This is a story of how user experience (UX) flaws drove me away from one insurance provider into the arms of its competitor.

Here’s what happened: I recently needed to purchase travel insurance for our family trip to Italy. Not having purchased travel insurance lately, I began my search online and clicked on one of the links that appeared in the search results.

It all started as I expected. The website told me to fill out a form to get a quote, and I began entering the standard information: travel dates, destination country, and age of travelers. This is when the trouble began. I entered my three-year-old son’s age first, which produced an error message reading: “For under 18 years old travelers please call us for Assistance”

Screenshot of a travel insurance provider's online quote form
A screenshot of the first insurance provider’s quote form, with an error message

I tried to circumvent the error message by entering my and my husband’s dates of birth, but the site still refused to let me continue. Too tired to call for help, I traveled back to the search results and clicked the link for a different insurance provider.

The second insurance provider also had a form to provide a quote. But this time, the form clearly stated that I needed to enter the “Primary Traveler’s Age” first. This, I realized, was also what the first provider’s form required — but unlike the second provider, the former offered no guidance on the form or in the error message; it just told me to call for assistance instead.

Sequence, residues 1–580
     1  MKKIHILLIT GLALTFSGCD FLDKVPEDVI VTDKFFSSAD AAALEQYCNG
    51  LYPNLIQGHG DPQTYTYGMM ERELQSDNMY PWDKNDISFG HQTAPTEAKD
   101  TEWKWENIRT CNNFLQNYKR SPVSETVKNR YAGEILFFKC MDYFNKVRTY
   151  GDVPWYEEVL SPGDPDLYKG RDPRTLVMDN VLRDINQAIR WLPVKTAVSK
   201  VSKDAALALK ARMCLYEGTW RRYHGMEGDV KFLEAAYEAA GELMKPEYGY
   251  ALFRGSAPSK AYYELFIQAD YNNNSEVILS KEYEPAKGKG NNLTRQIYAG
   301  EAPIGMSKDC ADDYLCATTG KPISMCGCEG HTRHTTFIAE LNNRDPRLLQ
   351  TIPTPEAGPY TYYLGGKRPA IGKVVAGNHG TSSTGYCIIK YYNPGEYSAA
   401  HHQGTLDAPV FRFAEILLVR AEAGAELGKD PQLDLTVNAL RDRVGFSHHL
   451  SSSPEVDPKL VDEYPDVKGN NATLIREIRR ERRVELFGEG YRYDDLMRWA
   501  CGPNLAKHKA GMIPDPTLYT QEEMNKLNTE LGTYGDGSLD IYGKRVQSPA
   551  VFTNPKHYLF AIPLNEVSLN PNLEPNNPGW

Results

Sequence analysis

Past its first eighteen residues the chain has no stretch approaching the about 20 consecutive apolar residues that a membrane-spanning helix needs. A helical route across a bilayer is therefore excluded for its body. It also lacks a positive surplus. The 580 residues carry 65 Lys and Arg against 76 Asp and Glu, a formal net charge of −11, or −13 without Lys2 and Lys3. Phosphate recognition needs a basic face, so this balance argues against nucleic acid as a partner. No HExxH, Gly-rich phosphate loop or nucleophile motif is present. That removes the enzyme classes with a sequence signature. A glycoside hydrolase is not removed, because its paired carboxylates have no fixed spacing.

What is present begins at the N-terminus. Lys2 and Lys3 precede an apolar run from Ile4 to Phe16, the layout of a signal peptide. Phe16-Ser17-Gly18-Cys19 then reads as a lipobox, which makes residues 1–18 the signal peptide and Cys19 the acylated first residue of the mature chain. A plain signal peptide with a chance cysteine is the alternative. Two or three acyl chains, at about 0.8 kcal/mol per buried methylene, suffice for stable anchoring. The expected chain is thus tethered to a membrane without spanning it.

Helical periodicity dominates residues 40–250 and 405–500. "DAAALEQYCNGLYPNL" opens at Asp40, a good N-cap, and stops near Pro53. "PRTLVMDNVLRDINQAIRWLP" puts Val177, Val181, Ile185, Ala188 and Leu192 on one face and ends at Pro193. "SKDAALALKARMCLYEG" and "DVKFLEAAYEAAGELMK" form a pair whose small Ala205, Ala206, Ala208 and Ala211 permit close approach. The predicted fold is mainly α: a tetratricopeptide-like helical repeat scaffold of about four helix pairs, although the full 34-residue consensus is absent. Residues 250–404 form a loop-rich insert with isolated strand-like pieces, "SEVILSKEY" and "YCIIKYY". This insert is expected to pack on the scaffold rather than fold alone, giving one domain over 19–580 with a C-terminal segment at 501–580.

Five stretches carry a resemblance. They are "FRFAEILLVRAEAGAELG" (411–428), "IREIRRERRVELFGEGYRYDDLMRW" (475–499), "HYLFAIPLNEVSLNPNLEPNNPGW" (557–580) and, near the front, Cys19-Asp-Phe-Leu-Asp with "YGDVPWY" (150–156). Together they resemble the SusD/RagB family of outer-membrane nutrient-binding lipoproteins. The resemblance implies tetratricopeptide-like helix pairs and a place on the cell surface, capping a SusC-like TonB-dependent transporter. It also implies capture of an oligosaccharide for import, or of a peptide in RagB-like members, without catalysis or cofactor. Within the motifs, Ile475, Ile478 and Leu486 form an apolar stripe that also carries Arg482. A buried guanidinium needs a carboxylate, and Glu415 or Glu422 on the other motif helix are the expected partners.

Screenshot of a travel insurance website's quote form with a prompt to enter the age of the primary traveler
A screenshot of the second insurance provider’s quote form, with a callout asking for the primary traveler’s age

Still wanting to compare my options, I decided to move on with both providers. Unfortunately, UX issues continued to abound with the first company. Even after I completed the form, it was difficult to consume information. The tables it provided to compare plans required too much scrolling to view all the details, the text was too small, and the colors — light gray over a white background — were low-contrast, making reading and comparing plans difficult.

In contrast, using the second provider’s site was a breeze: It had strong contrast, larger font size, and didn’t make me scroll endlessly. Plus, it helpfully highlighted plans that were good for family vacations.

As I weighed my options, I asked myself: If I needed help with my policy, which company would be easier to interact with? Unsurprisingly, the answer was the second provider. The difference in cost wasn’t significant, yet my experience was far superior — both as an expert in evaluating user experience and as a regular, everyday customer grateful for an experience that eased my decision-making and made me feel understood. I purchased the plan and closed my laptop.

Improve Your User Experience By Conducting The Right Kinds Of Research

My experience shows firsthand how a company’s investment in UX directly impacts its revenue. When companies overlook easy-to-fix issues like vague labels, jargon, or poor error messaging, consumers will have a harder time doing core activities such as sign-ups and form submissions. Like me, they might grow frustrated and abandon the task altogether.

But there is a solution: Do user research. Companies that conduct user research gain a deeper understanding of customer needs and can catch UX issues early in the design process before they cause problems for customers. You can improve your user experience by conducting the right kinds of research and applying UX best practices. If the first insurance company had an error message clarifying what the problem was with entering my son’s age first, I would have fixed it and been less likely to go back to search results to look for other plans.

If you are a Forrester client and would like to discuss UX best practices and how user research can improve your customer experience, please reach out.


This blog was written with Research Associate Eleanor Theriault.